Slide 31: 

For an accuracy of 1%

Figure 10.6 : 

Figure 10.6 Figure 10.6a- The output spectrum includes two original inputs – audio and the fundamental frequency of the sampling pulse Shows the sum and difference frequencies (fs  fa) all the harmonics of fs and fa and their associated cross products. It is made up of a series of harmonically related sine waves. None of the side frequencies form one harmonic will spill into the sidebands of another harmonic and aliasing does not occur. Figure 10.6b Shows the results when an analog input frequency greater than fs/2 modulates fs. Aliasing or foldover distortion has occurred. It cannot be removed through any technique.

Slide 34: 

Example 10.2 For a PCM system with a maximum audio input frequency of 4 kHz, determine the minimum sample rate and the alias frequency produced if a 5 kHz audio signal were allowed to enter the sample-and-hold circuit. Solution Using Nyquist’s sampling Therefore If a 5 kHz audio frequency entered the sampled-and-hold circuit, the alias frequency of 3 kHz has been introduced into the original audio spectrum.

Slide 35: 

With PCM, an analog input signal is sampled, then converted to a serial binary code and transmitted to receiver where it is converted back to the original analog signal. PCM uses n-bit codes. Table 10.1 shows an n-bit PCM code where n = 3. The most significant bit is used to represent the sign of the sample Logic 1 = positive; logic 0 = negative. The two remaining bits represent the magnitude. There are four codes possible for positive numbers and four codes for negative numbers. The total is eight possible code L = 2n = 23 = 8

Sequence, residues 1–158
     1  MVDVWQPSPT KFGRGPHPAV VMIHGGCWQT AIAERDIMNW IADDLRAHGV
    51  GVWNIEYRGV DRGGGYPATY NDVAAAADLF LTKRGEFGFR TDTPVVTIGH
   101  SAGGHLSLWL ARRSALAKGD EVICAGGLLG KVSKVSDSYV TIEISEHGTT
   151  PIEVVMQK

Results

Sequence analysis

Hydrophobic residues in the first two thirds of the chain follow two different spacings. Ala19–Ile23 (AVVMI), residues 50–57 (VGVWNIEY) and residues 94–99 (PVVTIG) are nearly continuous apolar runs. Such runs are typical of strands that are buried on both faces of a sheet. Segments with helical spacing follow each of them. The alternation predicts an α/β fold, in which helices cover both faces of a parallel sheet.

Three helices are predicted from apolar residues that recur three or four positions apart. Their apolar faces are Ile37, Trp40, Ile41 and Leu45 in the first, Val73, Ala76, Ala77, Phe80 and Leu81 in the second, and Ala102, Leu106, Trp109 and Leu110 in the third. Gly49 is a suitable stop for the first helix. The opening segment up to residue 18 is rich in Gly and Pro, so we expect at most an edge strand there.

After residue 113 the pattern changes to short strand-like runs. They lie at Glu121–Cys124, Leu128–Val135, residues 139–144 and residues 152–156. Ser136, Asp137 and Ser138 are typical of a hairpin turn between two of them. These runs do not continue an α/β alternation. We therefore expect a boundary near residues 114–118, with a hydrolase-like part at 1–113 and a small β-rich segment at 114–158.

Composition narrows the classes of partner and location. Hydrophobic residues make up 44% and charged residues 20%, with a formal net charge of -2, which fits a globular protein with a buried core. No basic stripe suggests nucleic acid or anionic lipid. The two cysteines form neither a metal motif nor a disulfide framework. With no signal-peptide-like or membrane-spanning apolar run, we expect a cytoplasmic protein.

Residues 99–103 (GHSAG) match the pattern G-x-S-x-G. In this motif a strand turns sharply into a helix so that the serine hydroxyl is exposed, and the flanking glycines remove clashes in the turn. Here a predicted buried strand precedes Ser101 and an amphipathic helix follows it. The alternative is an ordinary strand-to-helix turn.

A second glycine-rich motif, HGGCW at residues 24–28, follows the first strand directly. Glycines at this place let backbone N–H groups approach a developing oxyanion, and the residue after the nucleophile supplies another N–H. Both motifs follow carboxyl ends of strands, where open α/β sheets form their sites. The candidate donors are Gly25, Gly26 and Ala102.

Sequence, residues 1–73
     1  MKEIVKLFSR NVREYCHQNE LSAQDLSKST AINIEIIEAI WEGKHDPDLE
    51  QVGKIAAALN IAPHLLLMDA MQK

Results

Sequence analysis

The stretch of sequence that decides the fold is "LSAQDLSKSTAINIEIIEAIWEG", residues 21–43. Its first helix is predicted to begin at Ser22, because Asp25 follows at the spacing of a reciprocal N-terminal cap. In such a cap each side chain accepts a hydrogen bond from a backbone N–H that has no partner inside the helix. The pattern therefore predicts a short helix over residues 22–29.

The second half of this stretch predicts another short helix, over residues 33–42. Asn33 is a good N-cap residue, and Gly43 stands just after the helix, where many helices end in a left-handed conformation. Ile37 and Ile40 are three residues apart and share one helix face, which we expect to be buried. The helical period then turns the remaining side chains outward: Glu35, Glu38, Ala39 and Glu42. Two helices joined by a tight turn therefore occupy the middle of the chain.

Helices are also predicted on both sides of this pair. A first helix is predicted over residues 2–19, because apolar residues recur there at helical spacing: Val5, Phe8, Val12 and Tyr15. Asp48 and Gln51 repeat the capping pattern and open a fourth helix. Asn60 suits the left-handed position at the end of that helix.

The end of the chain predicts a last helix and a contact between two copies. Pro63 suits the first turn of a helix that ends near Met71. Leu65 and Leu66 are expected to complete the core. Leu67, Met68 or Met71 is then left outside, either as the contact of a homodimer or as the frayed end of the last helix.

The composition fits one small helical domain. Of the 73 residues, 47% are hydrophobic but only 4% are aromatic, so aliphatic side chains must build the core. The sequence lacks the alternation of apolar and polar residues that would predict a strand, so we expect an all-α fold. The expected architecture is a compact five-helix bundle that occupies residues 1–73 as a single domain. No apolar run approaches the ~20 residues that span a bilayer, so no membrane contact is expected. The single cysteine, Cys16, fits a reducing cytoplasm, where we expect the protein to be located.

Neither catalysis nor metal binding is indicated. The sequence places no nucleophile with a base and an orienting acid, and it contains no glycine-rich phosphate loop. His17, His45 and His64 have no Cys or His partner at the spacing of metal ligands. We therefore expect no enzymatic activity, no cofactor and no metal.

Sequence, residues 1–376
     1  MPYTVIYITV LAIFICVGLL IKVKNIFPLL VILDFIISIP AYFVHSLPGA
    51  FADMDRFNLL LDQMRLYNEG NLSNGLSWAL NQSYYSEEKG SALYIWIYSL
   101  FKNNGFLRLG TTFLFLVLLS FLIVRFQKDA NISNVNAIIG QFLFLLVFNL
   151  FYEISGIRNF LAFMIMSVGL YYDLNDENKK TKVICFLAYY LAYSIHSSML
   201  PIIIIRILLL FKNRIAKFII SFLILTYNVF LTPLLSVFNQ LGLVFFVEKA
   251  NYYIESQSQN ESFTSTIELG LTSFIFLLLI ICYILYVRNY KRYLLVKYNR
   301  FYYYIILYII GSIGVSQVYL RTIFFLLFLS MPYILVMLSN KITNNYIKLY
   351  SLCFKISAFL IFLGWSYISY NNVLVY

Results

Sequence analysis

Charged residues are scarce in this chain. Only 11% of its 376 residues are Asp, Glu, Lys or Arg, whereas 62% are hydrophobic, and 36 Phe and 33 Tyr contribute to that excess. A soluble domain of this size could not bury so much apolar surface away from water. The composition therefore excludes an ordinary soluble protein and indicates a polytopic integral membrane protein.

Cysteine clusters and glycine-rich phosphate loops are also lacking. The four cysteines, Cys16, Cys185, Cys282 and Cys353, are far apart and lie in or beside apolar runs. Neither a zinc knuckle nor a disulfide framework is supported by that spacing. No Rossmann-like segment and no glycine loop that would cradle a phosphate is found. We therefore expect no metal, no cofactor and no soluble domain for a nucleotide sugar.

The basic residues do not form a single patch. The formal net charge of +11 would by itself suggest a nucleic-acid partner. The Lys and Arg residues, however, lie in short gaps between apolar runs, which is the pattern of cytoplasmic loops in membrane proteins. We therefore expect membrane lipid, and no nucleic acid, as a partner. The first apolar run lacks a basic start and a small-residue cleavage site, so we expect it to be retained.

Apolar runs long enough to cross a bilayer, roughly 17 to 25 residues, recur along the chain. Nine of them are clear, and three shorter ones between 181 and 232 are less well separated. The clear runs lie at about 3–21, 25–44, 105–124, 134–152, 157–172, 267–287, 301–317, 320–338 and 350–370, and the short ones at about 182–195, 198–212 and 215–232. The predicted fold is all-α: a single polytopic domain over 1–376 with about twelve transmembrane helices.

QUANTIZATION AND THE FOLDED BINARY CODE : 

QUANTIZATION AND THE FOLDED BINARY CODE Quantization; is the process of converting an infinite number of possibilities to a finite number of conditions. Converting an analog signal to a PCM code with a limited number of combinations of requires quantization. It also a process of rounding off the amplitude of flat-top samples to a manageable number of level. For example, a sine wave with a peak amplitude of 5V varies between +5V and -5V.

Table 10.2: : 

Table 10.2: -The total voltage range is subdivided into a smaller number of sub-ranges. -For a three bit sign-magnitude code with eight possible combinations – (four +ve and four –ve) -The leftmost bit is the sign bit -The two rightmost bits represent magnitude -It is called as a folded binary code – the code on the bottom half of the table are a mirror image of the codes on the top half. -The magnitude difference between adjacent step is called the quantization interval or quantum -Resolution V is defined as the voltage of the minimum step size, which is equal to the voltage of the least significant bit f the PCM code. The equation can be written as -The smaller the magnitude of a quantum, the better (smaller) the resolution and the more accurately the quantized signal will resemble the original analog sample.

Slide 38: 

Example on how to illustrate an analog waveform signal can be coded into 3 bits code using single mode for transmission using PCM technique. Solution: For a 3 bits code of single mode transmission system using PCM technique.

Slide 39: